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Durant: Planned bypass to reduce traffic congestion

Durant: Planned bypass to reduce traffic congestion

 

The Durant Daily Democrat
by Jamie Carrick Staff writer

10.03.09 - 05:38 pm
Construction is ongoing for a highway bypass through Durant, according to the Oklahoma Department of Transportation and city officials.

ODOT Spokesperson David Meuser said the bypass, which has multiple phases, is being built to reduce business, or truck traffic through Durant. The highway would lead truck traffic around the town.

City Manager James Dunegan agreed, saying that traffic through town will move faster. Also, the bypass will allow greater access to areas of town, such as downtown and the Durant Multi-Sports Complex, and help the city grow.

“It’s a great asset for the industrial side,” Dunegan said.

City Manager James Dunegan said ODOT is spearheading the project; however, Durant is responsible for moving water and sewage utilities, which can take awhile. As of Tuesday, the project had cost the city $423,000, plus equipment and labor.

Included in this is $152,532 to Dual Construction, a company out of Texarkana, who the city contracted to help with move 1,800 feet of sewer lines on a portion of Highway 78. The city had oversight on the contracted work, Dunegan said.

All other utilities, such as electric and gas, must be moved by the companies or entities who own them, Dunegan said.

Construction on Phases I and II, which stretch from from Highway 70 West, then southeast across the four-lane highway and past Enterprise Boulevard, began in August, Meuser said, adding that nearly three miles of dirtwork will need to be done on the section. He anticipates that step will take approximately two years to complete.

After the dirtwork is complete, then a bid can be made for the surfacing, Dunegan said.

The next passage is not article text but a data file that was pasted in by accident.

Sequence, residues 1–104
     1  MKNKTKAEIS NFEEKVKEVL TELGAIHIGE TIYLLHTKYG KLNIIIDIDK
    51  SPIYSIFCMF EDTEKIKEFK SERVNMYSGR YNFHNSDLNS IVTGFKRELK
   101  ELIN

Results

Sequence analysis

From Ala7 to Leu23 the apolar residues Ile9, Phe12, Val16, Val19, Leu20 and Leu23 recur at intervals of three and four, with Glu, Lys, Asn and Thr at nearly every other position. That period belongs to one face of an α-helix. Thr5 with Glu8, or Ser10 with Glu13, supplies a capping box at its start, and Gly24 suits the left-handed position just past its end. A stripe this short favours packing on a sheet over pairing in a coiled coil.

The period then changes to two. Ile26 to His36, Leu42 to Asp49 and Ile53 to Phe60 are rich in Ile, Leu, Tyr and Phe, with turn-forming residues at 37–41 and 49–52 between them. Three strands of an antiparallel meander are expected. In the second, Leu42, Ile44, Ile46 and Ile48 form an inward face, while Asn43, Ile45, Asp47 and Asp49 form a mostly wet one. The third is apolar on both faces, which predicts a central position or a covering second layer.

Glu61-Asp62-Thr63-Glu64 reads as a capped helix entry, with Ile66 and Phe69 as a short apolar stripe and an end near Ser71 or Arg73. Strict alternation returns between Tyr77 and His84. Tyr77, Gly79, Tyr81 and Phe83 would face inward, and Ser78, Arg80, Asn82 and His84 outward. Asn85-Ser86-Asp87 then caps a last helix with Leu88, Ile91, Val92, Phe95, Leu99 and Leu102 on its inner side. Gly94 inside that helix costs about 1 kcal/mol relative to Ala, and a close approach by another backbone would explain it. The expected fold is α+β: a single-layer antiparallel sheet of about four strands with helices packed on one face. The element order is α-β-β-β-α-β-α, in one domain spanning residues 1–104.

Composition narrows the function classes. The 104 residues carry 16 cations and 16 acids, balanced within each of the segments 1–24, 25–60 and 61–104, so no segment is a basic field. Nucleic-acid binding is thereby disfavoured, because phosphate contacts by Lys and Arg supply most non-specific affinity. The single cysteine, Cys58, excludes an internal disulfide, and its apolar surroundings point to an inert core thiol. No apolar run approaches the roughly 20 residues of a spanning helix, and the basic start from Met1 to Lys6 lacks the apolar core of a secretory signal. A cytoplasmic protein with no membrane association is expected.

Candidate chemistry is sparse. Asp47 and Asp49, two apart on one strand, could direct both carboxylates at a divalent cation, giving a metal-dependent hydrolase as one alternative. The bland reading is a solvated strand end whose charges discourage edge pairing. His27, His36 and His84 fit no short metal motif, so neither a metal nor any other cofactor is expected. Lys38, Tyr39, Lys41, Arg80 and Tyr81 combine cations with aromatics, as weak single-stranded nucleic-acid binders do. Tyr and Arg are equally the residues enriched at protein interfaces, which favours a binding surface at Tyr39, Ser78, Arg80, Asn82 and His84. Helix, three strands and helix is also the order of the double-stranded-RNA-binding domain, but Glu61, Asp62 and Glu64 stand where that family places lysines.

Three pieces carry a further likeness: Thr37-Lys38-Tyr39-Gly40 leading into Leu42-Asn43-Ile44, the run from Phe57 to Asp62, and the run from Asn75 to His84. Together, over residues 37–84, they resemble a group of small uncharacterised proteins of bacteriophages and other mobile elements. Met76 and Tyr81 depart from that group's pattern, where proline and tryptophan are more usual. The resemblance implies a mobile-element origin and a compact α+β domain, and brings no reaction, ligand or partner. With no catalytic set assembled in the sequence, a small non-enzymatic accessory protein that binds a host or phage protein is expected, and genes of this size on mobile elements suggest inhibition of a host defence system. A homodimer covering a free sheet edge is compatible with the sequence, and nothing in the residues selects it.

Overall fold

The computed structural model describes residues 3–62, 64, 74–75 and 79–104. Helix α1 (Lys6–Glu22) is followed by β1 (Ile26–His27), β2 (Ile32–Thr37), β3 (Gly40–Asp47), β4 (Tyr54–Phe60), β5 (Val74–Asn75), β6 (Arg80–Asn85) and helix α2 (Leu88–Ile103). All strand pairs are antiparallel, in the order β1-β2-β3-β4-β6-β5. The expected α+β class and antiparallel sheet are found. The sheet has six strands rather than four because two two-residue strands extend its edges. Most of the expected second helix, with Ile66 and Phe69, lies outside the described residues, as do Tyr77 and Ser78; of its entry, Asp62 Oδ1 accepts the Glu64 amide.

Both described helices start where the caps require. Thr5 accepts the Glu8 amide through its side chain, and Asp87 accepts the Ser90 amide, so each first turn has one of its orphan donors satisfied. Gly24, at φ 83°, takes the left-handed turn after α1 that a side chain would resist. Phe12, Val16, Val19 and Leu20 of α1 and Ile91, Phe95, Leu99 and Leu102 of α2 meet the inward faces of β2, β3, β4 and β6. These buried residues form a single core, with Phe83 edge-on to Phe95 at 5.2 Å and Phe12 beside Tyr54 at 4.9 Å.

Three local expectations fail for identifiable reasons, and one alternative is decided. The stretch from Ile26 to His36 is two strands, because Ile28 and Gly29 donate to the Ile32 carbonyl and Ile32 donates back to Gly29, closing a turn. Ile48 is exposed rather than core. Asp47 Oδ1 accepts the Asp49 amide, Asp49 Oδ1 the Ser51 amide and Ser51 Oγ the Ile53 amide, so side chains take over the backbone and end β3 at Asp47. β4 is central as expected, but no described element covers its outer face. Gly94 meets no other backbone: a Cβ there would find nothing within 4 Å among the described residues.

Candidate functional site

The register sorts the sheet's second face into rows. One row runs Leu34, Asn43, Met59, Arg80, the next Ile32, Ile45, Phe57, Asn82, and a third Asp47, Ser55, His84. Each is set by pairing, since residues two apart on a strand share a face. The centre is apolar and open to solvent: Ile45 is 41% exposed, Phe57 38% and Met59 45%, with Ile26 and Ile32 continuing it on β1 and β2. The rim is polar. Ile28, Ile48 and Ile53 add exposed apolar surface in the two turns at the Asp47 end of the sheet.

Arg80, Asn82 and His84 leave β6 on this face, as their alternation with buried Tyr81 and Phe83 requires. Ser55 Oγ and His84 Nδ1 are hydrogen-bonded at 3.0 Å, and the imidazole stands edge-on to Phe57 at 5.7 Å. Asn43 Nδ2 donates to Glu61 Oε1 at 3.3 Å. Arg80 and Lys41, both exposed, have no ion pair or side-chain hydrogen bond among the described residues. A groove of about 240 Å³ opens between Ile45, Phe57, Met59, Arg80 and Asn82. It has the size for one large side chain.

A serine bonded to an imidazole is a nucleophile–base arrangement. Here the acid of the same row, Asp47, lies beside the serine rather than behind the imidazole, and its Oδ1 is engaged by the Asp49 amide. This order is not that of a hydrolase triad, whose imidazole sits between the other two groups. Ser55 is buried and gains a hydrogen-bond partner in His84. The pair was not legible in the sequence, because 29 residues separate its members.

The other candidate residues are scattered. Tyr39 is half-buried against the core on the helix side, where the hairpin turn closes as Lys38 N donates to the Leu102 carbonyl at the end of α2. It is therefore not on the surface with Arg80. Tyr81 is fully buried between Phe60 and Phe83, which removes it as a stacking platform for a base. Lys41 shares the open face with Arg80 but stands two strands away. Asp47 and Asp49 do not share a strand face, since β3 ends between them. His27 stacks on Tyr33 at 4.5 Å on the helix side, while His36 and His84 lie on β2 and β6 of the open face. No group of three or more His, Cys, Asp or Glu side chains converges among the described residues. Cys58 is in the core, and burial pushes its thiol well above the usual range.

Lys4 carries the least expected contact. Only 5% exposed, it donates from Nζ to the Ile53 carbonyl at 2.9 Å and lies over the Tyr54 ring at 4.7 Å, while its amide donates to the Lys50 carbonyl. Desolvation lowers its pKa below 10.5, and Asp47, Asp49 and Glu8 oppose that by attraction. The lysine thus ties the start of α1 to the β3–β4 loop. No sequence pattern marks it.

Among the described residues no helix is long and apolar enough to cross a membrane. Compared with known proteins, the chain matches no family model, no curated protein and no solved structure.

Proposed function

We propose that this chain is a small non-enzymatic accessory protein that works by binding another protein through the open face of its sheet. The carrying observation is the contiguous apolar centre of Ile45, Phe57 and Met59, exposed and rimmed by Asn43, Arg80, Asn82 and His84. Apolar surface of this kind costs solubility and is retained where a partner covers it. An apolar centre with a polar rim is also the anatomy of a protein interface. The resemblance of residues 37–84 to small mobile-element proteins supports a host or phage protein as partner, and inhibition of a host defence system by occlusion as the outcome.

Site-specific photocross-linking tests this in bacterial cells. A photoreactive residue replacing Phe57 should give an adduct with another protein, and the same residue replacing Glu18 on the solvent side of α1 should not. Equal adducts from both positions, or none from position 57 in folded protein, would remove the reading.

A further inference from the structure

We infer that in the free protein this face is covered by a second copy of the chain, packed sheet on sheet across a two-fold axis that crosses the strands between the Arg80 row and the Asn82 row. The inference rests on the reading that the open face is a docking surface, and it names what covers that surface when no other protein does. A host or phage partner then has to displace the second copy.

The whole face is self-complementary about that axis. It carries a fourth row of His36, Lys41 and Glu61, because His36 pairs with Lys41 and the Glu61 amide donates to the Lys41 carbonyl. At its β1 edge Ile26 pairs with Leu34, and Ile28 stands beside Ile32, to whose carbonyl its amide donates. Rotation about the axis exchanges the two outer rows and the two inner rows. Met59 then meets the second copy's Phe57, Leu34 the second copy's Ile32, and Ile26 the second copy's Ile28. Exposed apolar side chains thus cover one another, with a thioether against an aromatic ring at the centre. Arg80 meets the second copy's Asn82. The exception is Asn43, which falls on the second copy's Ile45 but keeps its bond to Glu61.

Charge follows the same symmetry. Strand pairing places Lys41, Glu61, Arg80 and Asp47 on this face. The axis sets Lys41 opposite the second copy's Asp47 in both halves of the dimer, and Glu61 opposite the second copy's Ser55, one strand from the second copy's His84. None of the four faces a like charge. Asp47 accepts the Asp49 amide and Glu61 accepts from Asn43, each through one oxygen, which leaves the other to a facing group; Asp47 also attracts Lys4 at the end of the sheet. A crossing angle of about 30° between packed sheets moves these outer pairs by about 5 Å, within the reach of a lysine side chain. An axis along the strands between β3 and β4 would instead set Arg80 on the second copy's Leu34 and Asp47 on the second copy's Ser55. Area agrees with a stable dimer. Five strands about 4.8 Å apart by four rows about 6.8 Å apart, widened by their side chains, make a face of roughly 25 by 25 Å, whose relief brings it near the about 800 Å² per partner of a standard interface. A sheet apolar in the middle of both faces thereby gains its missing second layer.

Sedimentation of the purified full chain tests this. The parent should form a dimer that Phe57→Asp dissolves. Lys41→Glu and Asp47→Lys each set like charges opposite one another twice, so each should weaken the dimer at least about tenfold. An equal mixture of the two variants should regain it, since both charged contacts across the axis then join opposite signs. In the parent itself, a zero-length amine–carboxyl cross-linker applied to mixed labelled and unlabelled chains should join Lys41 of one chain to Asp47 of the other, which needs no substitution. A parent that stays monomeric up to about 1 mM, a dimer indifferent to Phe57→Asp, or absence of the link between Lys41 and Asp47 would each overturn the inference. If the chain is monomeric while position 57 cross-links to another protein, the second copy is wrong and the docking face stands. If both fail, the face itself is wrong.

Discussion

Phase III, which goes from Highway 69B (South Ninth Avenue) across Highway 78, will begin in few months, Meuser said.

In 60 days, bids will be made on the third leg of the project. The road beds are almost complete and most of the utilities have been moved, Dunegan said.

The costs for the road beds on Phase I and II cost $23 million, and the ones on Phase III cost $18 million, Dunegan said.

Dunegan and Meuser said that the highway bypass project will have at least one more phase, which will run from Highway 78 to Highway 70 East of Durant, to complete the loop. However, if necessary, this could be split into two stages.

Construction awards for the final phase(s) could be made by 2014, with an overall project completion year of 2016.

The project has been in the planning stages since 2000, up until August 2009 when ODOT began construction.

The estimated cost is $85 million, which includes construction and purchasing the right of way. The ODOT project is being financed with federal funds.

Meuser said Durant was selected partly because Highway 70 is busy and the city is a high-traffic area.

Durant has approximately 6,000 vehicles on the west side and approximately 4,000 on the east side daily. As the town grows, traffic could increase, he said.

Dunegan said the bypass is strictly an ODOT project, but the city is for it, adding that he is glad ODOT chose this area.

“We’re just glad to get a road anywhere,” he said.

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